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Education for the Future: A Special Message for Teachers

Education serves many purposes. In much of my writing, I combine these purposes into the following short statement:

I believe that the overall and unifying goal of learning (via a lifetime of informal and formal education) is to develop and maintain cognitive, moral, physical, and spiritual knowledge and skills that help learners to solve or in other ways to cope with the problems they encounter.

This is a future-looking view of learning. We are all lifelong learners. We can use our learning to help us to better understand what we and others have done in the past, but we cannot change the past. We can use our current level of learning and our continuing lifelong learning to deal with the problems, tasks, and other challenges we will encounter in the future.

In some sense, all of us are futurists and make plans for our immediate, short term, and longer term futures. Our school systems are definitely engaged in such futurism. The curriculum content, teaching, and assessment that students encounter in our schools (including home schools) are based on what we believe will be helpful to students as they grow towards being mature, responsible adults.

Follow that line of reasoning as you think about the required curriculum in the three Rs: Reading, WRiting, and ARithmetic. Are these likely to still be very valuable in the future lives of your students? Then think about a fourth RReasoning (Computational Thinking). Such reasoning involves learning to use a combination of human brains and computer brains to solve problems and accomplish tasks. This is the focus of my recent free book, The Fourth R (Moursund, 12/23/2016).

My Recommendation to Teachers

Each subject you teach has a history and a future. Each has certain types of problems and tasks that it addresses. Each is being changed by research and development in technology, and by other changes going on in our world. Please take these basic ideas and integrate them into every subject that you teach. Remember, you are preparing your students for a future that does not yet exist, but that is gradually creeping up on all of us.

Consider establishing a "futures forecasts" time period each week, in which you engage your students in an exploration of possible futures they will live in and how the subject(s) you are teaching are helping to prepare them for these possible futures. If you need some help in selecting possible topics, take a look at my IAE-pedia page, What the Future is Bringing Us (Moursund, 2017). This website contains yearly collections—starting in 2007—of major changes in technology that are likely to affect education. I believe you will enjoy reading some of the older forecasts and reconciling them with what now currently exists.

Engage students in a discussion of a "futures forecasts" topic you select. Perhaps point them to some supplementary materials to read. Engage them in a discussion of how the content you are teaching might relate to the forecast. If the forecast you and your class are discussing actually proves to be quite accurate in the future, how will it affect the lives of your students?

Another approach is to encourage your students to bring in hard copy materials and Web links that contain "futures forecasts". Each week a different small team of students could assume responsibility for leading the weekly "futures" session.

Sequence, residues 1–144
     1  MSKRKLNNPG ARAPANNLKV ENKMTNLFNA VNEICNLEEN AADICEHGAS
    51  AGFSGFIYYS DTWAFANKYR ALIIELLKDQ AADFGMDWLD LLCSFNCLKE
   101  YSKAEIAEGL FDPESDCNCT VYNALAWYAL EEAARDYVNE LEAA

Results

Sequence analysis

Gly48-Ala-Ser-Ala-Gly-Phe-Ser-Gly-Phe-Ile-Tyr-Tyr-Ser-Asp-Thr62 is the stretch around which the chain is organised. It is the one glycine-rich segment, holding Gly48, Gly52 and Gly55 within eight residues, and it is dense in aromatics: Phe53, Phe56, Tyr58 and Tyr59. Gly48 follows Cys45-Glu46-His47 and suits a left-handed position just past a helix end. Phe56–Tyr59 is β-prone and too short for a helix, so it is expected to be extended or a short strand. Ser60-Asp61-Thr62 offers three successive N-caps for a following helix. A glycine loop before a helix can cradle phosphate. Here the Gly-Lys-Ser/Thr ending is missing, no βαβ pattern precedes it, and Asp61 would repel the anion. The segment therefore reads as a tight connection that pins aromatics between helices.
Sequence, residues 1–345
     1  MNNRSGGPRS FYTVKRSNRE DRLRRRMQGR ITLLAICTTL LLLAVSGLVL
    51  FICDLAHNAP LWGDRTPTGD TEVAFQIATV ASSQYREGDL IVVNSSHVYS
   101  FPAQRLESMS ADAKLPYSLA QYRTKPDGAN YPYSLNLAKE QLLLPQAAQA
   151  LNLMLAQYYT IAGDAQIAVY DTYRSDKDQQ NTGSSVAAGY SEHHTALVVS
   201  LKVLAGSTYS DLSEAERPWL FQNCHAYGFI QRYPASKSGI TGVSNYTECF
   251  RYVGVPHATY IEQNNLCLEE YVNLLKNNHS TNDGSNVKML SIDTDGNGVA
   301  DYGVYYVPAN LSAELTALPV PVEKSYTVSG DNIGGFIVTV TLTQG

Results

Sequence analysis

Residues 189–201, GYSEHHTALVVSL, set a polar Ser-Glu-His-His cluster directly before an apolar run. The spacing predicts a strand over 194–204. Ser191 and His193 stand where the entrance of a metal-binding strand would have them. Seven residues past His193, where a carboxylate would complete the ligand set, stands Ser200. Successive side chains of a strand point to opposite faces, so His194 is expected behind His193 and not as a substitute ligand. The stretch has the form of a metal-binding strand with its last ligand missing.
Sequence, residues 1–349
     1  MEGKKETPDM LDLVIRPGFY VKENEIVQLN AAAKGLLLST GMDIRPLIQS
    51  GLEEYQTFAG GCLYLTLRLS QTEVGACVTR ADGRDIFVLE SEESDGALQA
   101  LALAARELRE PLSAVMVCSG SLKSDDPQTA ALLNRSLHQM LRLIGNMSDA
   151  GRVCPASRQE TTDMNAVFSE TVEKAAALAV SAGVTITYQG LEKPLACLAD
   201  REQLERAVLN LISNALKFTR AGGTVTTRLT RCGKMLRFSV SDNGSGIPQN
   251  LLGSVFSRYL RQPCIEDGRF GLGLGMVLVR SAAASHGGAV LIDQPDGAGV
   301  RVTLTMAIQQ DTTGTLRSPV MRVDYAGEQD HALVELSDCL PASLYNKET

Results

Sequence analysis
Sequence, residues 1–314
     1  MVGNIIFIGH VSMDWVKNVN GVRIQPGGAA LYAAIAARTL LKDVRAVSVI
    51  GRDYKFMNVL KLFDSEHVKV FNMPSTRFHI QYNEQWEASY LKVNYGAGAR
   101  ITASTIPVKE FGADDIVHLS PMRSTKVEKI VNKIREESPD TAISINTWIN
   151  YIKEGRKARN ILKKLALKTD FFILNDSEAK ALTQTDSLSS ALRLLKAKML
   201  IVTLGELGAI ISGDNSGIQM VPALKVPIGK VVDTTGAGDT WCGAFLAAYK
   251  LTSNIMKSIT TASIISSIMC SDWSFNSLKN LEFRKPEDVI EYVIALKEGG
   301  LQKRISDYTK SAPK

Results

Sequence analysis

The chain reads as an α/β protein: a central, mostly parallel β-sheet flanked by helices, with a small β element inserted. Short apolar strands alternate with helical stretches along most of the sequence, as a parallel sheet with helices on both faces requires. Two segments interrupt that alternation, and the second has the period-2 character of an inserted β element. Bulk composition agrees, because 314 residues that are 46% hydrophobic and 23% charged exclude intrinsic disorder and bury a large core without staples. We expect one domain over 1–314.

Still another approach is to raise the following question with your students near the beginning of any new unit of study: "What changes are going on around the world that are having a major impact on this unit of study?" The idea is to emphasize change and the understanding that you are helping your students to get an education that prepares them for a changing world.

Teachers working with students may also be interested in having the students research and report on one or more "futures forecasts" from 5 to 10 years ago, or perhaps when they were in first grade, or the year they were born, and so on. It can be interesting for them to find out which predictions have become part of our world today, which ones failed to materialize, and why or why not in each case.

"Futures Forecasts" from Thomas Edison

Here are two quotes from Thomas Edison. The first is from a little more than 100 years ago, and the follow-up quote is from about 10 years later. I hope you get a good laugh out of them.

“Books will soon be obsolete in the schools.... Scholars will soon be able to instruct through the eye. It is possible to touch every branch of human knowledge with the motion picture.” (Thomas A. Edison; American inventor and businessman; quotation from 1913; 1847-1931.)

“I believe that the motion picture is destined to revolutionize our educational system and that in a few years it will supplant largely, if not entirely, the use of textbooks.” (Thomas Alva Edison; American inventor and businessman; quotation from 1922; 1847-1931.)

References and Resources

Moursund, D. (2017). What the future is bringing us. IAE-pedia. Retrieved 4/17/2017 from

Moursund, D. (12/23/2016). The Fourth R. Eugene, OR: Information Age Education. Download the Microsoft Word file from Download the PDF file from Access the book online at

Moursund, D. (10/29/2016). Good curriculum, instruction, and assessment. IAE-Blog. Retrieved 3/27/2017 from

Moursund, D. (2016). Problem solving. IAE-pedia. Retrieved 4/3/2017 from

Moursund, D. (2016). Computational thinking. IAE-pedia. Retrieved 3/27/2017 from

Free Educational Resources from IAE

IAE publishes and makes available four major free online resources:

Reading and Writing in Today’s World
The National Academies Report on Science Education


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Friday, 24 September 2021

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